If you do a web search for "Mental Health and the holidays" you will find an abundance of lists of things to do to get through the holidays. So ... I'm not going to do that here.
My goal for this post is how to be aware and relate to loved ones around you who may be struggling. One of my favorite quotes is, "Be kinder than necessary, for everyone you meet is fighting a hard battle." (The source of the quote is unclear ... everyone from Plato to J.M. Barrie to John Watson). Anyway, whether the quote is exactly referenced or not, it holds great truth. Here are some tips for interacting in ways that are "kinder than necessary."
1. ALLOW OTHERS TO HAVE THEIR FEELINGS
When those around us are dealing with heavy emotions, it is uncomfortable to say the least. The easiest way for us to deal with this discomfort is to expect them to fix it - so we (in our most well-meaning voice) tell them, "You know Daddy wouldn't want you to be sad today" or "Just pull it together while the family is here" or "There's no need to be anxious - you know no one wants to hurt you."
Feelings are not good or bad, right or wrong - they just are. Telling someone to turn them off communicates that their feelings are bad, wrong, unacceptable - which also communicates that the person is bad, wrong, and unacceptable. Instead of trying to get your loved one to turn off the feelings that make you uncomfortable, try some of these instead:
"Having all of these people in the house must be hard for you."
"I really miss mom, too."
" It must be hard to go through the holidays sober when everyone around you is drinking."
"I can tell you are feeling really down today."
A Native American proverb says, "Never criticize a man until you have walked a mile in his moccasins." Empathy asks us to go a step further - to imagine what it would be like in those moccasins, to hold hands with that person and the world from his or her perspective - see what they see, understand what they face, understand what they feel.
3. BE A SUPPORT
If you truly empathize (Step 2), Advocacy will be a natural next step. If you really understand what it is like to face your first holiday sober, you will be more sensitive to accommodating those feelings and experiences in planning your holiday gathering. If you truly understand the grief your loved one is carrying, you will be more sensitive to the way you reference the person they are grieving, and more accepting when grief feelings do arise. Just be there - be an accepting, non-judgmental shoulder they can lean on, a listening ear.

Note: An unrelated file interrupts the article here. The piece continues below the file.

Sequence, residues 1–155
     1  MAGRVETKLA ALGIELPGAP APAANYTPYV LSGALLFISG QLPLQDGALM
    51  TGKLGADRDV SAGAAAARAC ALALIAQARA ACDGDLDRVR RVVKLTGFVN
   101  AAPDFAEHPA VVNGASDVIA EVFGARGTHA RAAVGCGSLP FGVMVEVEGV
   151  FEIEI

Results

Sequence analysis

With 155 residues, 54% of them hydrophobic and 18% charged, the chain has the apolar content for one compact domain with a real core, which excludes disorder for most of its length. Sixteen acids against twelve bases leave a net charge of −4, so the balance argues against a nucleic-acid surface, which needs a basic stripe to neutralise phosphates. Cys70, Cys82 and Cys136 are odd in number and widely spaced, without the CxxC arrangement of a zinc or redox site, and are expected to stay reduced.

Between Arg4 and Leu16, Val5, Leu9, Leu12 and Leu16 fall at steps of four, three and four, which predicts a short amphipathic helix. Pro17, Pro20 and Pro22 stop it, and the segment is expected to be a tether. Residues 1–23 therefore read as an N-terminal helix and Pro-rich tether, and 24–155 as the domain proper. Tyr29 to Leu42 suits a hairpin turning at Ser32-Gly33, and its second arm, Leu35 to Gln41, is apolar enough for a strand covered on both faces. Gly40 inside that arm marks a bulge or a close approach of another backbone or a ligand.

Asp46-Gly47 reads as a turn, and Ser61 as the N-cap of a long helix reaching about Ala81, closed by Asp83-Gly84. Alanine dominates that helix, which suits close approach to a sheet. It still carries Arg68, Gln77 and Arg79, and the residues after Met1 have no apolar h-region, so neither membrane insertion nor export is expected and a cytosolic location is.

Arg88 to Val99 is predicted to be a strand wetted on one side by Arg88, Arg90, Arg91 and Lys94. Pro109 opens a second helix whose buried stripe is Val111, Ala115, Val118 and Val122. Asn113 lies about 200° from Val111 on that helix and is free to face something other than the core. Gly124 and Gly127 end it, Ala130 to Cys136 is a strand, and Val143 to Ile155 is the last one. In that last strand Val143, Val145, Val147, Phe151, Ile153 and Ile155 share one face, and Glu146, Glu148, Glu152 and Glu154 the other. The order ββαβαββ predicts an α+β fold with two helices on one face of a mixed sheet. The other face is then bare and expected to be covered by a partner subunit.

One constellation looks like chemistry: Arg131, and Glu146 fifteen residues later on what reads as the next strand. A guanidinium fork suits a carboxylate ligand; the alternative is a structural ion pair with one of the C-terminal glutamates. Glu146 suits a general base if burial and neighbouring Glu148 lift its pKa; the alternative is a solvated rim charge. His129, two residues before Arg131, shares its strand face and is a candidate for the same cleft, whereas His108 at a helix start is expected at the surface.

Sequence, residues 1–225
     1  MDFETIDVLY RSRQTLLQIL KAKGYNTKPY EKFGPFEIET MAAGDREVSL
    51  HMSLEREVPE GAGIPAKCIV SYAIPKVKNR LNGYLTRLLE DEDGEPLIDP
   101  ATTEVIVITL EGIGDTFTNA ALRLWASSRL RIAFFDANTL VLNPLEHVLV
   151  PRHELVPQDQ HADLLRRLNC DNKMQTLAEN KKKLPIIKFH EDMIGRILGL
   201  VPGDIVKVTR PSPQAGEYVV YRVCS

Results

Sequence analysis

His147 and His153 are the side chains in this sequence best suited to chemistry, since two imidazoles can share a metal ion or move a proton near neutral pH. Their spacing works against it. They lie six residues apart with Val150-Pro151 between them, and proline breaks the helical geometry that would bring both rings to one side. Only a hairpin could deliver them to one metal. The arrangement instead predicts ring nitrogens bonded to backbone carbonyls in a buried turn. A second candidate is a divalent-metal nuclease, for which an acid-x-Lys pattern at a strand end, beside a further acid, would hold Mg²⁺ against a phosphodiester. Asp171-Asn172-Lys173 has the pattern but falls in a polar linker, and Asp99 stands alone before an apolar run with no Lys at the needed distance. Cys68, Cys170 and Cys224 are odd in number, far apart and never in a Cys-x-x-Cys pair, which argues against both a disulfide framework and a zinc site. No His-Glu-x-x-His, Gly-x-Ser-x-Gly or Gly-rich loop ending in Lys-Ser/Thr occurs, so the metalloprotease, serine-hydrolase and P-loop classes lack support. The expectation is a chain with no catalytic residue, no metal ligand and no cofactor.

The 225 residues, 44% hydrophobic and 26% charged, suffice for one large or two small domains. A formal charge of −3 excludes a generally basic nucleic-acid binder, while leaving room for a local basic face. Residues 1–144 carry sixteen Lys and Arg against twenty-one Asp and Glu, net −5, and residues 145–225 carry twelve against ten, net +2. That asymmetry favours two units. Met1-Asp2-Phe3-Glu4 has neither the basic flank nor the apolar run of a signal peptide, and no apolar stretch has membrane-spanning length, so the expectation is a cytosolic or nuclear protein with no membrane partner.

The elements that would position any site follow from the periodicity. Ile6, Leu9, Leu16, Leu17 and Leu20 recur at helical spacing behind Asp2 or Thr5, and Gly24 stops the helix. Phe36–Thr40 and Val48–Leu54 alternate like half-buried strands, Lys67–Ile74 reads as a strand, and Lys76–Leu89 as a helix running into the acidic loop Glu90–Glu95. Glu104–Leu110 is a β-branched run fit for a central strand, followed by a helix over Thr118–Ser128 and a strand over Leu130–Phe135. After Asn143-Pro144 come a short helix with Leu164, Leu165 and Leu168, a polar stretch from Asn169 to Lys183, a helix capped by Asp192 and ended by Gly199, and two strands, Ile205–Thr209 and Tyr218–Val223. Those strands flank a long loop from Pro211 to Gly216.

4. BE AN ADVOCATE
Those of us with mental health struggles are VERY AWARE that we don't work like everyone else - that our feelings are bigger, our reactions are bigger, that things are issues for us that other people never think twice about. Often we feel that we are "too much" and "not enough" all at the same time. Take your support (from Step 3) one step further. In my mind, being a support looks like being a safe base for your loved one around others; being an advocate looks like making the entire environment as safe as possible for your loved one. Be the one who also goes without the eggnog this year. Be the one who says that another's verbal negativity toward your loved one is not okay.
Notice I didn't title this "4 easy steps" or "simple tips" - they are not simple. In fact, for some of us they are extremely challenging. The only thing that would motivate you to do these is your love for the other person. You may not get a thank you; your loved one may not do any "better" at getting through the holidays. But, you might - they might. Mental health struggles are real, and if you have never experienced it, or taken the time to explore what it may be like, you can not understand. But, you can be a support, a friend, an advocate - ONE WHO LOVES.
My hope for you this holiday season is health, love, kindness, and peace. Accept and honor your own journey, struggles, sunshine and clouds, and accept and honor the journey of those around you.